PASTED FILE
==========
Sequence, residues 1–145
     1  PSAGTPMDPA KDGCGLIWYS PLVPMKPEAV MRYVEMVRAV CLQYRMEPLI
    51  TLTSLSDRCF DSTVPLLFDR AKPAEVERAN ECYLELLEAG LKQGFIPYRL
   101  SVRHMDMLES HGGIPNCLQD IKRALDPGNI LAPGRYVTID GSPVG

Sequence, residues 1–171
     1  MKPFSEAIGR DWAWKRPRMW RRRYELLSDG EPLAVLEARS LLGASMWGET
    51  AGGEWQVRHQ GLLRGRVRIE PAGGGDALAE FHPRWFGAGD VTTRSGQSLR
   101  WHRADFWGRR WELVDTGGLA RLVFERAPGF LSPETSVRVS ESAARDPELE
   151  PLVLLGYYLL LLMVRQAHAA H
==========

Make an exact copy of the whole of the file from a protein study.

Sequence, residues 1–145
     1  PSAGTPMDPA KDGCGLIWYS PLVPMKPEAV MRYVEMVRAV CLQYRMEPLI
    51  TLTSLSDRCF DSTVPLLFDR AKPAEVERAN ECYLELLEAG LKQGFIPYRL
   101  SVRHMDMLES HGGIPNCLQD IKRALDPGNI LAPGRYVTID GSPVG

Sequence, residues 1–171
     1  MKPFSEAIGR DWAWKRPRMW RRRYELLSDG EPLAVLEARS LLGASMWGET
    51  AGGEWQVRHQ GLLRGRVRIE PAGGGDALAE FHPRWFGAGD VTTRSGQSLR
   101  WHRADFWGRR WELVDTGGLA RLVFERAPGF LSPETSVRVS ESAARDPELE
   151  PLVLLGYYLL LLMVRQAHAA H